I served under some outstanding headmasters in my teaching career, certainly in Australia. Becoming a headmaster in the Irish system however, was as likely to be down to political affiliation as pedagogical excellence.
There were many schools in those days in which the headmaster had little ambition beyond the need to keep inspectors happy while he served out his few years to retirement.
I have one particular head in mind. His most mordant critic was his secretary, possibly because she regarded his dour personality as cover for an uncertain mastery of his job.
'He goes about as if he is holding up the roof,' she would complain, and indeed he did have a way of shrugging his shoulders as if he was moving some heavy load from one to the other. But for all that, he had not completely lost the common touch and could behave like a human being in ways that surprised.
Which leads me to our head of English, a man who had risen to that position through seniority. I will call him Paddy though that is the least likely name he would have been given by his once affluent merchant family.
He was a mediocre teacher, even if that is the unreliable opinion of a colleague who has great sympathy for what must go on in an English class — all that marking of essays and dealing with the musings of bores like Eliot and Joyce. Life can be much easier when you can get by with, 'Did you get the answer in the back, Mullins? No. Then you are wrong. Do it again.'
Anyway, Paddy had a weakness not uncommon among the literati and which may well have been a reaction to the rigid pieties of his Tory background. There was a notable difference, however. In his case, the consumption of alcohol caused him to become tiresomely scrupulous, seeming to lose the capacity for dissimulation and verbal artifice that are necessary qualities for life in the modern world.
During the course of a few drinks he once explained to me that he was determined to take his senior classes to a performance of Waiting for Godot. 'How can they understand Beckett,' he reasoned, 'if all they have is words on a page?' I could only wonder how the rest of the audience would cope with the slow handclap and cries of 'Why are we waiting?' coming from his bored students wondering whether anything was ever going to happen on the stage.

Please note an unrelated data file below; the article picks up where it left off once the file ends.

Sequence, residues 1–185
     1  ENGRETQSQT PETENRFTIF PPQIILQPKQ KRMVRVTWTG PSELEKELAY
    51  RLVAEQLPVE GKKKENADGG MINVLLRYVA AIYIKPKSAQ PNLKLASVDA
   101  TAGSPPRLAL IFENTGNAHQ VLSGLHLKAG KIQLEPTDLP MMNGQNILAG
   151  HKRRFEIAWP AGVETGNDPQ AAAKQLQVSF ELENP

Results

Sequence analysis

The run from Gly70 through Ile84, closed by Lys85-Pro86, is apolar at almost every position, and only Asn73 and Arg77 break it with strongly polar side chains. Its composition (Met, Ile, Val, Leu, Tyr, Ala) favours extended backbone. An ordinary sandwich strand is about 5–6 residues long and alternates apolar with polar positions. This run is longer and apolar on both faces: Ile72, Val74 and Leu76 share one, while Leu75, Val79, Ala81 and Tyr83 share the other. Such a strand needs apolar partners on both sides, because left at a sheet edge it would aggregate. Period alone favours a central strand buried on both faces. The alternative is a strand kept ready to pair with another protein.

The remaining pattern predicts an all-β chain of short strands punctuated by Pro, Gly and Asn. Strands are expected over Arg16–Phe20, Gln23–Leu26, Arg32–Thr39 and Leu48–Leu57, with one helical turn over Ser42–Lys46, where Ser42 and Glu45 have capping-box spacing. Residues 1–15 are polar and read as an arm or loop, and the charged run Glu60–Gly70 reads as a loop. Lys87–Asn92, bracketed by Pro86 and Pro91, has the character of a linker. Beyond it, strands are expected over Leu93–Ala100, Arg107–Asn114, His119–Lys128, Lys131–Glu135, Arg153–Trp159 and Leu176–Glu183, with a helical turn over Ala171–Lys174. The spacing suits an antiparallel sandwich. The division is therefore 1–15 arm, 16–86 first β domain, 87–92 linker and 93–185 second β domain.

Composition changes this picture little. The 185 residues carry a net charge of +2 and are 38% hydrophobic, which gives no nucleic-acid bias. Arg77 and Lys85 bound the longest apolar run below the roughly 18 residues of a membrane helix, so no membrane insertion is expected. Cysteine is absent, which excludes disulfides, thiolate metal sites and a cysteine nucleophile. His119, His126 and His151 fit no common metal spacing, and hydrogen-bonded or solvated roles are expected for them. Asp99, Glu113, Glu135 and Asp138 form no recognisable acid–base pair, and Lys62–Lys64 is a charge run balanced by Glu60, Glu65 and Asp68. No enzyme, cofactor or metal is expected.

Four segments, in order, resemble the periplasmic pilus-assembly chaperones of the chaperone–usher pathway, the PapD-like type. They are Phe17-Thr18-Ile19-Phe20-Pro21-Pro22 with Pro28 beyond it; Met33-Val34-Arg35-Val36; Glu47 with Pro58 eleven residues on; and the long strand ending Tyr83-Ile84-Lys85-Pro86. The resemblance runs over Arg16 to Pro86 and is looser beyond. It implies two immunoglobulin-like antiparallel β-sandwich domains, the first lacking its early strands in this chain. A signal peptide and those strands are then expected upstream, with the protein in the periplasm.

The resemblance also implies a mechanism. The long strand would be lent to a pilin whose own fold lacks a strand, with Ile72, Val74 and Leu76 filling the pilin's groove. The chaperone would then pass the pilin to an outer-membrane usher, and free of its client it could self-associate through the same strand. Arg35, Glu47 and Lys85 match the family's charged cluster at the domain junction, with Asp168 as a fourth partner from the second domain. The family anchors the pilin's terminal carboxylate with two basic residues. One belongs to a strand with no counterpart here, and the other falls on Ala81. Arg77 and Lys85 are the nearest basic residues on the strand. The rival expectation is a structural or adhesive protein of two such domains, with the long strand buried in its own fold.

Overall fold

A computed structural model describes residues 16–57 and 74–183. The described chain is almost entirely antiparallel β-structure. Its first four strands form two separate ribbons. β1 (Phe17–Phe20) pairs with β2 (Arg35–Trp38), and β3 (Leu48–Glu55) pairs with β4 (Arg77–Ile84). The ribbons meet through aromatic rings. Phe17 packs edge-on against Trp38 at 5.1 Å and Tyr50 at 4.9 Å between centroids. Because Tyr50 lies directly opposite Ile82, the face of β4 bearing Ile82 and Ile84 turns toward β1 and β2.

"The general opinion was that processes would be set in train which would result in the appointment of whoever was next in line as the new head of English. But we were wrong: Paddy was back at his desk on Monday."
At any rate, on one particular payday — always Friday in those times — Paddy took himself off during lunchtime to a nearby pub. One whiskey led to another and he returned to school before the last class, a little worse for wear. He got to the door of the staffroom, supporting himself on the jamb and looking wistfully towards his desk at the far end of the room, across an expanse of floor bereft of even a supporting table. I persuaded one of his colleagues to take his class and steered him towards the front of the school and on to a bus, while listening to his earnest plans for setting up a reading group among the unemployed in the nearby block of public housing flats. 'We'll start with Dickens,' he assured me.
He must have got off the bus at the next stop, because some time later, there was what playwrights call 'noises off' on the corridor outside the head's office as his secretary tried to extricate Paddy from the ruins of a large geranium plant. 'He's had a turn,' she explained to the head who had come rushing from his office. 'That's a lie,' came the slurred response, 'I'm drunk.'
At this, the head moved him unsteadily to his office. He sent for a taxi and had him off the property before the bell went for the end of the day. The general opinion was that processes would be set in train which would result in the appointment of whoever was next in line as the new head of English. But we were wrong: Paddy was back at his desk on Monday.
You only had to see the misery on his face, the head bent to hide his shame, to realise that he understood his degradation better than anyone. Certainly better than the interfering fools who tried to pass him a prayer card or pious novena to help him fight his cravings.
So I come back to the head. My amusement at his permanent state of anguish changed to admiration for someone who had the sense to understand weakness and to leave the rule book on the shelf. Paddy remained at his post long after I left and the last I heard he had moved from an unsteady footing at the side of the wagon to a quiet non-proselytising seat at its centre.
Frank O'Shea is a retired Canberra school teacher.